Senator Calls Out Wireless Providers

Questions text price increases

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U.S. Senator Herb Kohl (D-WI), chairman of the Senate Antitrust Subcommittee, has asked the presidents and chief executive officers of the four largest wireless providers to explain the rising rates for its customers to send and receive text messages.

Senator Herb Kohl

In a letter, Senator Kohl asked for an explanation from Verizon Wireless, AT&T, Sprint and T-Mobile who serve more than 90 percent of the nation’s cell phone users.

Since 2005 the cost for a person to send or receive a text message via one of the four companies has increased 100 percent. Text messages have risen from 10 cents to 20 cents on all four wireless providers. Sprint was the first major provider to raise text message rates last fall, and the remaining three have followed suit.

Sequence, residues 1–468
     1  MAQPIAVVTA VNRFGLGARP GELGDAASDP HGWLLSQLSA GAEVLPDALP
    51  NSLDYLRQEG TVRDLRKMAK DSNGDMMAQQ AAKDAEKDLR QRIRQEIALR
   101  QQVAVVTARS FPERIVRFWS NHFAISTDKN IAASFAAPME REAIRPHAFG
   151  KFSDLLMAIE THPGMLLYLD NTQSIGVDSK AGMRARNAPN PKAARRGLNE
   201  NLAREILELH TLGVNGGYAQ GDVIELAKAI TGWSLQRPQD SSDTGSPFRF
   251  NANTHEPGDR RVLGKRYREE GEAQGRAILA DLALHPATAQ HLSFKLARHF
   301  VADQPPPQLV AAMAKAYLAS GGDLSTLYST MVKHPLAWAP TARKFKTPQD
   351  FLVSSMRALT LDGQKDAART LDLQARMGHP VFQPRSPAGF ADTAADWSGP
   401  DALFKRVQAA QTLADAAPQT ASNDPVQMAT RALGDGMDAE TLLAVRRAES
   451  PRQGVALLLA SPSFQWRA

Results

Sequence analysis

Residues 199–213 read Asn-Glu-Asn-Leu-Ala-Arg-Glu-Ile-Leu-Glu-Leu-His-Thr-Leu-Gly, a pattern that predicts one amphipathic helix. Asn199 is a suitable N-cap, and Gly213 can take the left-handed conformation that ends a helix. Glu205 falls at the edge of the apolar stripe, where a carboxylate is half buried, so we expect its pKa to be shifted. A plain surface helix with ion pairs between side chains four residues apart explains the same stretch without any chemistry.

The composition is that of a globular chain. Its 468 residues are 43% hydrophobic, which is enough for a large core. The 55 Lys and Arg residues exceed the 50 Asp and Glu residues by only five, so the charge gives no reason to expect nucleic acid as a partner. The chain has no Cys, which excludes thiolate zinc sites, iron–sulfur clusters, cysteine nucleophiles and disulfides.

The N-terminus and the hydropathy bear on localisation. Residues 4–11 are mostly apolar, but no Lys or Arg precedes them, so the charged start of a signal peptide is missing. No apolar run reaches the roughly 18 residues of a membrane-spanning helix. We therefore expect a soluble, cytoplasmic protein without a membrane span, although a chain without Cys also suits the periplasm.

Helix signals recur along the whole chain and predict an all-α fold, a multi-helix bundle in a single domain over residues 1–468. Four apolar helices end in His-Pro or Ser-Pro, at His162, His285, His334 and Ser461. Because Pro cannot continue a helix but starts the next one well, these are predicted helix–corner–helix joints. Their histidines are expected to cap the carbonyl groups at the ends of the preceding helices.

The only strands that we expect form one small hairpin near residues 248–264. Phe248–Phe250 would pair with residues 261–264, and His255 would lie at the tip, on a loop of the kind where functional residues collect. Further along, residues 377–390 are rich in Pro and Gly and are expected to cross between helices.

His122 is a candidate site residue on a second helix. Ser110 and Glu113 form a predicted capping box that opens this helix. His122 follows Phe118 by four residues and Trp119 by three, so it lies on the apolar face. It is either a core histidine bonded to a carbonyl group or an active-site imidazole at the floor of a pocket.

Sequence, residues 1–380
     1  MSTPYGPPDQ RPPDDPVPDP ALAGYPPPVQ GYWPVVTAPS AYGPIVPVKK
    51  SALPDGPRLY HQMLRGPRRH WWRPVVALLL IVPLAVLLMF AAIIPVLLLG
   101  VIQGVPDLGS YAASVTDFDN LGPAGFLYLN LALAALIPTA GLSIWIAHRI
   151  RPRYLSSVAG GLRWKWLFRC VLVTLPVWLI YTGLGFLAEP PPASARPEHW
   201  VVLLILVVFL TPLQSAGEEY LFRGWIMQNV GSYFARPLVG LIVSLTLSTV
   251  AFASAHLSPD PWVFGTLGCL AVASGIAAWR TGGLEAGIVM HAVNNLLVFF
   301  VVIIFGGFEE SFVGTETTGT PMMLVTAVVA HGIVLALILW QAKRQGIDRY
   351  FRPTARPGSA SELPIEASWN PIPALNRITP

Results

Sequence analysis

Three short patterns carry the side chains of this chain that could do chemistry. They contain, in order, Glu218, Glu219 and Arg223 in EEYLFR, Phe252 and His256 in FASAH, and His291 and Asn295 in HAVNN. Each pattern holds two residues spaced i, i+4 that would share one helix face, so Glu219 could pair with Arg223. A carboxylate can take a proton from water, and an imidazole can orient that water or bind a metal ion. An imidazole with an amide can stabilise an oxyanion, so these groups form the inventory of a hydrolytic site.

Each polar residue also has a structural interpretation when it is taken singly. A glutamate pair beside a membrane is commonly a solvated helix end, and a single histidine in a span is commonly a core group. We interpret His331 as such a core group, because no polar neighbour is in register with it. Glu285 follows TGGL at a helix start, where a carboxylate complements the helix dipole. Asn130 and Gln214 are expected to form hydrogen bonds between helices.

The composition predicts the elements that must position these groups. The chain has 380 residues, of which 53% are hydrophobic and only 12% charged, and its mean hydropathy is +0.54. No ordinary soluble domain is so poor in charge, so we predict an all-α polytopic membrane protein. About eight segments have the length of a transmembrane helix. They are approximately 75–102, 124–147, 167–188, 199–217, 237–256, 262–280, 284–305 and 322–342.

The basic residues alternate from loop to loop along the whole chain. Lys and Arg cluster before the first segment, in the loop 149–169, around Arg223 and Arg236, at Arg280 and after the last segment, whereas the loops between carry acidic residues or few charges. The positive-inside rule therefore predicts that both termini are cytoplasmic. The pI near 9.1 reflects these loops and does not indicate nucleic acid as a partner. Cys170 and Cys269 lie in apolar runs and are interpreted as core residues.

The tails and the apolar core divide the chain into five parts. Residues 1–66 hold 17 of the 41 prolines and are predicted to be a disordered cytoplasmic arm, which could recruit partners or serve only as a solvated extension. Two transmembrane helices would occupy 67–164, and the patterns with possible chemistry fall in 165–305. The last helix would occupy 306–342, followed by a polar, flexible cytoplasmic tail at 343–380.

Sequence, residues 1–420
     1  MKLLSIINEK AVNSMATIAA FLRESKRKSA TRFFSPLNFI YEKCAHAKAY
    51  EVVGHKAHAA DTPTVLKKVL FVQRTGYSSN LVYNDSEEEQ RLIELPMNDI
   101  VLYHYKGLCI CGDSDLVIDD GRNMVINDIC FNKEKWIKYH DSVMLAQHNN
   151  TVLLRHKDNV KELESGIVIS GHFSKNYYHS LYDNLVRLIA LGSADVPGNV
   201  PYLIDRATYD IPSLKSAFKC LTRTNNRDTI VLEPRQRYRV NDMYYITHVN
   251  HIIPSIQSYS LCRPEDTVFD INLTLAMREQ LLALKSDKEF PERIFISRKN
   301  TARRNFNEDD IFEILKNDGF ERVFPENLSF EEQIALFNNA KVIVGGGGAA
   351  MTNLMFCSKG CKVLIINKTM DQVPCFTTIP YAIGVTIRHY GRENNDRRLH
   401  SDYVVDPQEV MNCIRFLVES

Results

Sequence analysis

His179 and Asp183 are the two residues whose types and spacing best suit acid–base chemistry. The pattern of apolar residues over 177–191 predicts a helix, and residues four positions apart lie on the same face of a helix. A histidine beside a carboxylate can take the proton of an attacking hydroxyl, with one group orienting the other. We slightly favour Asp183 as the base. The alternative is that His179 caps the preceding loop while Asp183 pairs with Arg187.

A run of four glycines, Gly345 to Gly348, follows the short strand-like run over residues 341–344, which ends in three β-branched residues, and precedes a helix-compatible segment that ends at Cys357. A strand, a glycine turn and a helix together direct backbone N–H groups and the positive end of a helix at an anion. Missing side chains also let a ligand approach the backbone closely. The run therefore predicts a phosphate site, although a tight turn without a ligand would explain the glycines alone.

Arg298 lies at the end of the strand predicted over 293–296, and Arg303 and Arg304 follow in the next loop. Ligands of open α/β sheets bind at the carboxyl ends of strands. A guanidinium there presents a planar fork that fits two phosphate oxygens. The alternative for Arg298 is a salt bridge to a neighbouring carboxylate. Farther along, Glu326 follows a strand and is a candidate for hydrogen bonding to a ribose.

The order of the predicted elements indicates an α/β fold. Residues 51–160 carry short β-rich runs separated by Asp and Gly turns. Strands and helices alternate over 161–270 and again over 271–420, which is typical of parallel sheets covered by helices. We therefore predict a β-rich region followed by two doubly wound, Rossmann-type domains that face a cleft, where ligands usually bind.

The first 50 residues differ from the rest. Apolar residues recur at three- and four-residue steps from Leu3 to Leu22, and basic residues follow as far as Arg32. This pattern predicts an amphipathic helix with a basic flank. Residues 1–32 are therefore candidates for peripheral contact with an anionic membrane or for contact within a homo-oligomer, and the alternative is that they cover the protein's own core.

"What is particularly alarming about this industry-wide rate increase is that it does not appear to be justified by rising costs in delivering text messages," Kohl wrote. "Text messaging files are very small, as the size of text messages are generally limited to 160 characters per message, and therefore cost carriers very little to transmit."

"Also of concern is that it appears that each of companies has changed the price for text messaging at nearly the same time, with identical price increases," he wrote. "This conduct is hardly consistent with the vigorous price competition we hope to see in a competitive marketplace."

Kohl asked the four providers to explain why the price of texting had increased, and how the price of texting compares with making phone calls or sending emails. He requested that the information be received by October 6, 2008.

Senator Calls Out Wireless Providers
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